Improved bridge rating procedures integrating load path redundancy : a cost-effectiveness simulation
University of Delaware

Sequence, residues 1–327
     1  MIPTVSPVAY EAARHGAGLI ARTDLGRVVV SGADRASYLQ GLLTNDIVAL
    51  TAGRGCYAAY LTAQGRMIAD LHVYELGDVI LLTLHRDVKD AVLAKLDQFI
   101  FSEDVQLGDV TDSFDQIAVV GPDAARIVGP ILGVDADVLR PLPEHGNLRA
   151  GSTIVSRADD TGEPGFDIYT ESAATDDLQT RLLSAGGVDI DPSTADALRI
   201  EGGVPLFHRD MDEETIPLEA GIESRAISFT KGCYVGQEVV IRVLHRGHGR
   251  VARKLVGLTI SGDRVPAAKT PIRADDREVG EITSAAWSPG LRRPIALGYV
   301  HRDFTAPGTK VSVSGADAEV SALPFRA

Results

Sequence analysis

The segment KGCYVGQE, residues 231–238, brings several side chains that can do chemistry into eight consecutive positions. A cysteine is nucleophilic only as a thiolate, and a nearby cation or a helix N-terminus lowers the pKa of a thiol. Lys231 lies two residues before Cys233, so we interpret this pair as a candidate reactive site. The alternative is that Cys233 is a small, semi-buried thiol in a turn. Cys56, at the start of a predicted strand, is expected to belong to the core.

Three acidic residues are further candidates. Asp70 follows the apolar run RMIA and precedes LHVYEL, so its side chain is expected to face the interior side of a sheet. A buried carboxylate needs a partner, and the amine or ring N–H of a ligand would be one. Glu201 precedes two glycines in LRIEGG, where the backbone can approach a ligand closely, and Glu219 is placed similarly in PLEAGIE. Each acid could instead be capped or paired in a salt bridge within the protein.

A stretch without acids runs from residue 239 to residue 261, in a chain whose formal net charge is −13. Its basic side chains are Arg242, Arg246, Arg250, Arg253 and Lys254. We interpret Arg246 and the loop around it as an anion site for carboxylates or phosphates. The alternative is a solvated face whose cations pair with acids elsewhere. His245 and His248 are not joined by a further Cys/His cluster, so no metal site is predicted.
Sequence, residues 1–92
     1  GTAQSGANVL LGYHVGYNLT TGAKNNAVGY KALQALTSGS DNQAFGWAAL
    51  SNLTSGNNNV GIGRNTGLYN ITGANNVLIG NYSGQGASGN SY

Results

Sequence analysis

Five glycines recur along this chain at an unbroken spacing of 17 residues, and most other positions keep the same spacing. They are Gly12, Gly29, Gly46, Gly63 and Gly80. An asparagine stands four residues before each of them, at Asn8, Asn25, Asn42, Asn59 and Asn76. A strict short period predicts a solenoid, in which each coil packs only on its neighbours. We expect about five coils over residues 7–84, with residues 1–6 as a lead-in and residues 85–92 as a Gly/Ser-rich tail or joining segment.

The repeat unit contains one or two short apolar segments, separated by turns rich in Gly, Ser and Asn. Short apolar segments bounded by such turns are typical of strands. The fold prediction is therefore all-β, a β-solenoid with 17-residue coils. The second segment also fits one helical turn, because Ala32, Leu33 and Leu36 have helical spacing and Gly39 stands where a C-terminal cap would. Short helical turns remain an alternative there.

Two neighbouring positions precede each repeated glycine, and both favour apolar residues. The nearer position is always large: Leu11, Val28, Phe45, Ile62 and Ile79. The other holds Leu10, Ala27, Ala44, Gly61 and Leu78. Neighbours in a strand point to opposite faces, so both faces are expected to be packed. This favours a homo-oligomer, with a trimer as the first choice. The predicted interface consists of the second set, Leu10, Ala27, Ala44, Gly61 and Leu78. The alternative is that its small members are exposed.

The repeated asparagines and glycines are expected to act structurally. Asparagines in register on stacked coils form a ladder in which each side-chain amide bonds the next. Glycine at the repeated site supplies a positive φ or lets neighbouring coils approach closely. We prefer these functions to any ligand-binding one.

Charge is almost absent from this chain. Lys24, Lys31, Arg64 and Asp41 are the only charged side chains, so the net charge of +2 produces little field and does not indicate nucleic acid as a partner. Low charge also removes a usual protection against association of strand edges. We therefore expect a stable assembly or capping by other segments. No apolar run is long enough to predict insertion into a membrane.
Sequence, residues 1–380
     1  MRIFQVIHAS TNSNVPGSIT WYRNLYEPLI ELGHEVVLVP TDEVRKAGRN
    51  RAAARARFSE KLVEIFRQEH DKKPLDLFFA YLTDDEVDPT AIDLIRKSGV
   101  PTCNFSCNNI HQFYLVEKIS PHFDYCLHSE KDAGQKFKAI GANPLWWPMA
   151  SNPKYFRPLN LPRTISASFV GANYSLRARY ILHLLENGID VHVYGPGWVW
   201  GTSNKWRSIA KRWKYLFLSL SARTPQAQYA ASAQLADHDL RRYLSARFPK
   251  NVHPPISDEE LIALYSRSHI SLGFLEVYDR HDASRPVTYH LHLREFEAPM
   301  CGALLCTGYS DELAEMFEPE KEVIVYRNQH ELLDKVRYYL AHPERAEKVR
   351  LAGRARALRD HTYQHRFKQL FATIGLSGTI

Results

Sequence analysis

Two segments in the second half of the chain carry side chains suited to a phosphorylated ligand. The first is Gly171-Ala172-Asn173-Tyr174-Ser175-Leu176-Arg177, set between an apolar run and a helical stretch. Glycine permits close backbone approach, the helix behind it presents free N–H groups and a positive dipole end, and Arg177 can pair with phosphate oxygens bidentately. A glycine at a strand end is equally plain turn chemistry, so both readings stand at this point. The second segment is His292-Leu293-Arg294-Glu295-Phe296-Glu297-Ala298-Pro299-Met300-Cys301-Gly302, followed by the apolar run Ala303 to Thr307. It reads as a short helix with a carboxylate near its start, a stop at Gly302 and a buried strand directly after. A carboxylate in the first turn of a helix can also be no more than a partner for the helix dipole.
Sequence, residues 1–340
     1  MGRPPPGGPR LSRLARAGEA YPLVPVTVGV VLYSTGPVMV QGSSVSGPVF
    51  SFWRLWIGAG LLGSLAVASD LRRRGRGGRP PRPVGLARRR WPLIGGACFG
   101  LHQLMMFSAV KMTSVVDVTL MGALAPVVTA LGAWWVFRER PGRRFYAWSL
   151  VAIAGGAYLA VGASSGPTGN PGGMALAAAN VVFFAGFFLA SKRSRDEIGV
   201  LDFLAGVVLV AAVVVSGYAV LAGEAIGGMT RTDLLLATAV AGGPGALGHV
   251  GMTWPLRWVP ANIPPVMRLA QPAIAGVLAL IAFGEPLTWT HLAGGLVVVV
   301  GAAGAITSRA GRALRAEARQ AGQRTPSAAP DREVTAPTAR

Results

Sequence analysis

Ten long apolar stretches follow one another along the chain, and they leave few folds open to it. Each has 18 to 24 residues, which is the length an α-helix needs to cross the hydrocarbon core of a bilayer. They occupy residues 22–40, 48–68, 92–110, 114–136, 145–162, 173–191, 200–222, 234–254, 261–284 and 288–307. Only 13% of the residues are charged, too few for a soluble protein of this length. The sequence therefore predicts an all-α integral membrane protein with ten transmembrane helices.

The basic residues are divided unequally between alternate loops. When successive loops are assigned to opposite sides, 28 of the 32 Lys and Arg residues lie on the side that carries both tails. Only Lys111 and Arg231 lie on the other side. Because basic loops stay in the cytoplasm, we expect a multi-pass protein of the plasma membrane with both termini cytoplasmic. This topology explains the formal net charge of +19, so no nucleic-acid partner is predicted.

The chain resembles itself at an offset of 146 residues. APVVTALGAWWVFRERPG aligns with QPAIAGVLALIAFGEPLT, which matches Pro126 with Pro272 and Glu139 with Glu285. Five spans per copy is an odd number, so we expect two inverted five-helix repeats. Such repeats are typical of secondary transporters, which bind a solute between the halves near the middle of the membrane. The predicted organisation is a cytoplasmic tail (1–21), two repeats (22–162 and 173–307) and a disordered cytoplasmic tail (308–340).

The current economic climate brings increasingly constrained funding for our aging national bridge inventory. Therefore, it is ever more important to those in charge of maintaining this infrastructure to ensure cost-effective asset management. However, current AASHTO bridge rating practice contains arguably an unnecessary degree of inherent conservatism. This is due to the lack of acknowledgement of load path redundancy in current rating practice. This thesis performs a literature review into current rating methodology and discusses where load path redundancy is not and could be accounted for as part of the process. A simulation of adjusted NBI 2010 sufficiency ratings for a set of composite steel girder-concrete deck bridges in the state of Delaware is described. Concurrently, the NBI estimates for the budget required for renewal of those bridges is adjusted to reflect the adjusted sufficiency ratings. These adjustments are done using a number of scenarios which considered parameters such as: the condition of the deck and super-structure and the average time required for those structures to deteriorate by one rating category. The three budgetary scenarios simulated are: No -Change, Deferral of Spending, and Decreased Spending. The results indicate that the proposed changes to the current rating process are cost-effective. The proposed changes are an acknowledgement of load path redundancy by adjusting the way load carrying capacity is rated to be based more on system capacity rather than individual girder capacity and by supplementation of visual ratings with more informed field data. The conclusion is that revising current rating practice to acknowledge load path redundancy affords better prioritization of federal funding and cost-effective asset management as well as the potential for multi-million dollar savings in the state of Delaware. Finally it is acknowledged that while this thesis focuses on the state of Delaware specifically, the hypothesis has the scope to be applied to bridges nationwide.